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Journal of Supercritical Fluids 19 (2000) 79 86 www.elsevier.

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Activation and denaturation of hydrolases in dry and humid supercritical carbon dioxide (SC-CO2)
Christoph Bauer *, Doris-J. Steinberger, Gerald Schlauer, Thomas Gamse, Rolf Marr
Uni6ersity of Technology Graz, Institute fu r Thermische Verfahrens -und Umwelttechnik, Inffeldgasse 25, A -8010 Graz, Austria

Abstract The effects of enzyme treatment with dry and humid supercritical carbon dioxide (SC-CO2) were investigated using hydrolases (EC 3.1.1.1 and EC 3.1.1.3). A crude and a puried preparation of esterase EP10 from Burkholderia gladioli was incubated in SC-CO2 for long term and repeated high pressure treatments. Concerning the crude preparation, incubation for 24 h in SC-CO2 at 150 bar and 35C had no effect on enzyme activity while incubation at 75C led to a distinct loss of residual activity. After 30 pressurization and depressurization steps at 35C and 150 bar, the crude enzyme preparation showed an activity increase. Using the puried enzyme preparation of esterase EP10 from B. gladioli, no signicant effects could be observed. Fluorescence spectra indicated no conformational change before and after treatment with SC-CO2. Treatment of a preparation of esterase from porcine liver with wet and dry SC-CO2 at 200 bar at different temperatures showed a signicant denaturing inuence of the dissolved water on residual activities of the enzyme at temperatures of more than 40C. Lipase from Candida rugosa and esterase from porcine liver were treated at 150 and 300 bar at a constant temperature of 40C and an incubation time of 22 h. During these treatments, different amounts of water were introduced into the SC-CO2. The results showed an increase of the water content in the treated enzyme preparation while the enzyme activity remained stable till the maximum amount of water soluble in this medium was injected into the SC-CO2. 2000 Elsevier Science B.V. All rights reserved.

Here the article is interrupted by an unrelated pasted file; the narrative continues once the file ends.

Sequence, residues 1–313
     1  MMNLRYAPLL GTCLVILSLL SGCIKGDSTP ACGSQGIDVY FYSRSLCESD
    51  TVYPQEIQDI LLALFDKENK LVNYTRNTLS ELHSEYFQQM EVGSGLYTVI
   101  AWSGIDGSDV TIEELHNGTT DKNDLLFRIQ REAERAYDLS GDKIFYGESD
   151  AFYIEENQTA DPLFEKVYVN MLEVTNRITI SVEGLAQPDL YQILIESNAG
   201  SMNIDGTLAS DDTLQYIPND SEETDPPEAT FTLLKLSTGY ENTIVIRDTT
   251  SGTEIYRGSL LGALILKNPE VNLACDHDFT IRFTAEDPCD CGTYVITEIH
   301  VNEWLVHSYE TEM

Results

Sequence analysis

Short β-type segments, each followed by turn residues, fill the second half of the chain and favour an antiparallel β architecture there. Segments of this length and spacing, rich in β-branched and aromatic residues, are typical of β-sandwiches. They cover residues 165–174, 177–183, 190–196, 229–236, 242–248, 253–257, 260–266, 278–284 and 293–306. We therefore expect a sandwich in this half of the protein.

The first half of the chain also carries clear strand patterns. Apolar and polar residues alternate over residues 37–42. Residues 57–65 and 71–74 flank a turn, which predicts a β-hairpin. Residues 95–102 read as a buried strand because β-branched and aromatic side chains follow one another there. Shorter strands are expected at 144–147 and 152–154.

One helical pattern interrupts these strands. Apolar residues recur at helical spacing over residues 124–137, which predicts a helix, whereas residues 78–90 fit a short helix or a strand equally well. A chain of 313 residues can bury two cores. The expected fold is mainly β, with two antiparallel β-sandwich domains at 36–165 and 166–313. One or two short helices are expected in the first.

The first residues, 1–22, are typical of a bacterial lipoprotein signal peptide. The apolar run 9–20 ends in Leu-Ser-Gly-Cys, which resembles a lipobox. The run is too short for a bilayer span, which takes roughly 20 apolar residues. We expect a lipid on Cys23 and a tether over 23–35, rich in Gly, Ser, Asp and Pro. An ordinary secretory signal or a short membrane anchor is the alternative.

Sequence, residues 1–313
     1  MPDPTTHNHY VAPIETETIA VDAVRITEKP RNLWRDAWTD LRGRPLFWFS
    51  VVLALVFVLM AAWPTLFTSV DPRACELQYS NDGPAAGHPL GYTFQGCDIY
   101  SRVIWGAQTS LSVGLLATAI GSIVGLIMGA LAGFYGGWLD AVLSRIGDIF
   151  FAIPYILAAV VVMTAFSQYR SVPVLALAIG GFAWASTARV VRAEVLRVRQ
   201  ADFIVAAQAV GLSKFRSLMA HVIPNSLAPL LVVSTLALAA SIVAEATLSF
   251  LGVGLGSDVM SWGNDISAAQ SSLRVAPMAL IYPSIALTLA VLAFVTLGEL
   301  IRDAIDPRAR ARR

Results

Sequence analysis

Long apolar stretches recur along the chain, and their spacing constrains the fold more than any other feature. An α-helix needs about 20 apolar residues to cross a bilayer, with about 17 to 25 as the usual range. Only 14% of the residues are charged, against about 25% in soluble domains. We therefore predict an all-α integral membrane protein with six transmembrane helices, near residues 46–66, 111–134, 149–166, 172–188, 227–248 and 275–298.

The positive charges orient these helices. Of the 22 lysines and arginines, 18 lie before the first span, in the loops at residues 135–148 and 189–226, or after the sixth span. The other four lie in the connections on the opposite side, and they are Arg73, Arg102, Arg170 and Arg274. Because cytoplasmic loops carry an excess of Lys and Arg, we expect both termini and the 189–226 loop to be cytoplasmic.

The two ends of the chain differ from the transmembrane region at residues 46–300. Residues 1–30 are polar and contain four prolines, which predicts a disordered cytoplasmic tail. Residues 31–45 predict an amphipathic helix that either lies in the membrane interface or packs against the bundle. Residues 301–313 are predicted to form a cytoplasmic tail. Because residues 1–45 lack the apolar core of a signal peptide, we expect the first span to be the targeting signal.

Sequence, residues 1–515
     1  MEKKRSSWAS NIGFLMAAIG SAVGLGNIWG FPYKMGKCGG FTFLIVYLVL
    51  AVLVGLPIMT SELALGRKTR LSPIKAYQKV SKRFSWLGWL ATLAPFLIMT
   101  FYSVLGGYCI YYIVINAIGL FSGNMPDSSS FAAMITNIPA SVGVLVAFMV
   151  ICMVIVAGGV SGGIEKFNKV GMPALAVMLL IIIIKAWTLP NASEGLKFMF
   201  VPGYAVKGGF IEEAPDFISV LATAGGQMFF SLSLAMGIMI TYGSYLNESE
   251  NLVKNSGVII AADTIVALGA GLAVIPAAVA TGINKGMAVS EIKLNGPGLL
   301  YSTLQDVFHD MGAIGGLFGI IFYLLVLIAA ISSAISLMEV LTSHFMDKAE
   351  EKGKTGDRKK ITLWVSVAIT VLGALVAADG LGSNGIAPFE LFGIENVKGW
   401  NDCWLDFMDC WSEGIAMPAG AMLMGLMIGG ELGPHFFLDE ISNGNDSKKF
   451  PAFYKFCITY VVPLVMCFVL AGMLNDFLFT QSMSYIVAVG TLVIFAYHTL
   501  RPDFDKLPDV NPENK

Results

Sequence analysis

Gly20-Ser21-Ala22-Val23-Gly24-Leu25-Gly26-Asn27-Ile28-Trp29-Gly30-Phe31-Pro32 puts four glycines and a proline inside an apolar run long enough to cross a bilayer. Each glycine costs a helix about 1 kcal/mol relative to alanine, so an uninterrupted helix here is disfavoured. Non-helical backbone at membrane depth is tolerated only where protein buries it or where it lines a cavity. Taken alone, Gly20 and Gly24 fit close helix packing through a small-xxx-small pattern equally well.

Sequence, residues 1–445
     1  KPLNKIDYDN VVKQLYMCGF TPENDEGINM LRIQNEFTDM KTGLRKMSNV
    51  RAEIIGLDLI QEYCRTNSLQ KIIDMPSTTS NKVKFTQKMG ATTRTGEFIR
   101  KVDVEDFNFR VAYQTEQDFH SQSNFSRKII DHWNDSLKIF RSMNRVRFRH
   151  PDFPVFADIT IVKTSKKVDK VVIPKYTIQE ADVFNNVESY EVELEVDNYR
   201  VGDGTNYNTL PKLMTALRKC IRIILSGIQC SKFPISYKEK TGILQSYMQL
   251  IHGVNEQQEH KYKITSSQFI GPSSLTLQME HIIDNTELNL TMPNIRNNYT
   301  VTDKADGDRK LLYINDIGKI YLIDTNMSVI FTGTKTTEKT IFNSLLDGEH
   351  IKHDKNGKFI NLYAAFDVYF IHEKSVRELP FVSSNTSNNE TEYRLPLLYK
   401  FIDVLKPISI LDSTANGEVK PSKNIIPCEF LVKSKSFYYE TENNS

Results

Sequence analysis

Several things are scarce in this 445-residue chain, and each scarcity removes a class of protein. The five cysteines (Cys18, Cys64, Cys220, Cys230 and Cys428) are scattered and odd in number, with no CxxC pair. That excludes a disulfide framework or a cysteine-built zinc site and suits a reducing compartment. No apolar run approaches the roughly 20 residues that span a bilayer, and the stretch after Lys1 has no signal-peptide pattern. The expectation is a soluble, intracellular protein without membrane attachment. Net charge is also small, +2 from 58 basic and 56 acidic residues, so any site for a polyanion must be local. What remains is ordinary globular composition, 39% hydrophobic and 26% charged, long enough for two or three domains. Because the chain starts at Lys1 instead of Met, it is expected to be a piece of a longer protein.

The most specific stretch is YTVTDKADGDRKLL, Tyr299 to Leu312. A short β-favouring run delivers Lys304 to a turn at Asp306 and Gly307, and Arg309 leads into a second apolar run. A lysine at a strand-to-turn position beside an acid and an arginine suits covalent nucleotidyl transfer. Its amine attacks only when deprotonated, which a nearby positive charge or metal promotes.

Keywords: Supercritical carbon dioxide; Hydrolases; Stability; Activity; Water content

1. Introduction The application of enzymes as biocatalysts in supercritical carbon dioxide (SC-CO2) has been described in the scientic literature since the mid
* Corresponding author. Tel.: + 43-316-8737984; fax: + 43316-8737472. E -mail address: bauer@tvtut.tu-graz.ac.at (C. Bauer).

1980s by Randolph et al. [1], Hammond et al. [2] and Nakamura et al. [3], who demonstrated that enzymes are active and stable in SC-CO2. From these rst demonstrations, various studies have been reported on the inuence of several parameters on the catalytic activity and stability of enzymes in SC-CO2, the inuence of temperature, pressure and humidity of the SC-CO2 and pressurization and depressurization steps.